The variety makes it impossible to specify origin of  unique Madagascar tunes   that rhythmically echo on on for a millennium.

The internet has given the pathway for a refreshing and reawakening of Madagascar music.The sacred and secular music alleys may be the sounds of a ritual or even used for animating teenage games in villages.

The Kingdom era has evolved into current day modern applications of melody replacements and trending pop culture in the cities. The rhythm of Madagascar language is innovative tunes in versions from every direction in the Madagascar landscape.

Local artists in remote villages retain traditional rustic sounds. The music reflects the history of communities and is not strive for stardom. The cities have interposed rhythms on traditional genres and incorporated spectacular innovation in electronic sound.

The complex mosaic of Madagascar is made up of a 22million population with 18 ethnicities. There are six provinces.The culture and common language is spoken throughout the land and the term of ethnicity has been abandoned making way for ‘human group’ gathering in rhythmic unison.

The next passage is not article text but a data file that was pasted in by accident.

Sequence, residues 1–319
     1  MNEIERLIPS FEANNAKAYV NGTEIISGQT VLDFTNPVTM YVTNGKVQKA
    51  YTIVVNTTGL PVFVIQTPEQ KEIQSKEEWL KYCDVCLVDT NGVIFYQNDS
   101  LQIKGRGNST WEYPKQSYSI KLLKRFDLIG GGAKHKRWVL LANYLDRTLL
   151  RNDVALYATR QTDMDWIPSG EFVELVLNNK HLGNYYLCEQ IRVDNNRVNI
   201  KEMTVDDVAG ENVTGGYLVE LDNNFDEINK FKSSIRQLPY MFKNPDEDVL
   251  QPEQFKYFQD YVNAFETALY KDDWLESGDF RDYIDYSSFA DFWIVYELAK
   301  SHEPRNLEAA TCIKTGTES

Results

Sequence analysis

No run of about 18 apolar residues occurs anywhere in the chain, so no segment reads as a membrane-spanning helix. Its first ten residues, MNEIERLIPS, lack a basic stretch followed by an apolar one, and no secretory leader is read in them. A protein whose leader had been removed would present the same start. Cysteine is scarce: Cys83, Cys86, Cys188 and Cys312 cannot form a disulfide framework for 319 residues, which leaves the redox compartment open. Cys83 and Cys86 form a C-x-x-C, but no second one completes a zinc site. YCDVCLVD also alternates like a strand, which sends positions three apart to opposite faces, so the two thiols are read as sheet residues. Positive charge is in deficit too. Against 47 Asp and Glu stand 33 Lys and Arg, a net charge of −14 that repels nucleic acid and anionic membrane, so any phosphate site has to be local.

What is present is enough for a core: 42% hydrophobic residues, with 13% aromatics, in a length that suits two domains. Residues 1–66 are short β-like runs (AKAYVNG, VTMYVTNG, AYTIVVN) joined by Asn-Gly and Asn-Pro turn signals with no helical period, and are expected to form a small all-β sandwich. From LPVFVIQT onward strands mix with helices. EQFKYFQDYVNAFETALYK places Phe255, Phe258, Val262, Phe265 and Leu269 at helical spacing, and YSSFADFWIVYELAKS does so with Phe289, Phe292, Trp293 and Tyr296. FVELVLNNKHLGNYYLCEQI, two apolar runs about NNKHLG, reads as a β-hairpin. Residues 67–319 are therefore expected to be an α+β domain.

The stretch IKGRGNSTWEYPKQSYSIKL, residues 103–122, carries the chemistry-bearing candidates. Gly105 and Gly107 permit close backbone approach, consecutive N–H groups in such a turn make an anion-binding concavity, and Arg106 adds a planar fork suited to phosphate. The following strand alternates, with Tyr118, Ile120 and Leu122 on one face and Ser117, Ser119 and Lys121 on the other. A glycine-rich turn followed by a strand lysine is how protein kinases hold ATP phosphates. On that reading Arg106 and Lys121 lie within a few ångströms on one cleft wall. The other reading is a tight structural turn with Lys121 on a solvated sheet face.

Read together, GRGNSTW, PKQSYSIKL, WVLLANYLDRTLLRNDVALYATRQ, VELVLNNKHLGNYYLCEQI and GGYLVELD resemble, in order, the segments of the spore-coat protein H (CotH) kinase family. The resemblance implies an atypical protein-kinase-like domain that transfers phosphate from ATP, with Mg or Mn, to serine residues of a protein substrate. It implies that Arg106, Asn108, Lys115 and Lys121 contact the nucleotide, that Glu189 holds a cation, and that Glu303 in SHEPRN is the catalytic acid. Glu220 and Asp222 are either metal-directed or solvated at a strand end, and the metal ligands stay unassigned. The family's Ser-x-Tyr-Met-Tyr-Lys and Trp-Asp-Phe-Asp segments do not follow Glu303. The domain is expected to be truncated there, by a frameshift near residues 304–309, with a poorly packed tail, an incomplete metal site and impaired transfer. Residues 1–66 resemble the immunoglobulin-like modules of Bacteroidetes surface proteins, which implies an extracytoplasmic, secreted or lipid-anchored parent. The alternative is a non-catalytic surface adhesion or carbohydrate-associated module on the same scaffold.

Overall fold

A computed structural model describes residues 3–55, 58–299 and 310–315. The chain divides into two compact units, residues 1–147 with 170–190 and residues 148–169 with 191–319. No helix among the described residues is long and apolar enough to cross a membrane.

The Sakalava dominated the West in music influence. The Merina in the central highlands and Betsimisaraka in the east mark rhythmic variations. Áfindrafindrao is an ancestral tune that was danced in quadrille adopted in the 19th century by Merina Kins and later influenced every part of the big island.

The strongest group in the South, the Antandroy, preserve musical tradition,  the contemporary musicians from this group are the most recognized groups internationally.

In the north, a special contribution was made to Madagascar traditional music by the Antahkarana.  The most festive part of Madagascar favoured by vegetation and the climate.

 

Madagascar musical footprints include the Tanala., Bestileo, Bezanozano, Bara, Masikoro, Tsimihety,  Antesaka, Sihanaka, Antemoro, Vezo, and a stream of others.

Traditional instruments

Valiha
Traditional music instruments are the Valiha (zither pipe) and marovany (box zither). These are the most played. It is a legacy of the Mlayo Polynesian heritage. 
Marovany

Rice seed filled rattles are next called kantsa, koritsa or korintsana depending on the region.

There are four main categories in traditional Madagascar music.  Aerophones, Idiophones, membranes and string.  The common basis for traditional singers and musicians come from the influence of European, Arabic, Africa, and Austronesian contribution.

Lutes,

Mandolins

Kabosy* box guitar

Sodina

Traditional ceremonies at ancestral ceremonies and possession rites are common. Music at funerals, marriages, circumcisions, initiation rites victories and pleasures are commemorated with traditional music where masses gather.
Lalah Raidimby

 

Malagasy soothing tunes (myspace.com/tambatra) by our contributor glamorous soul sister from Madagascar (myspace.com/tambatra myspace.com/tambatra1)

 

Traditional musicians in Madascar are self-taught, orally and by listening.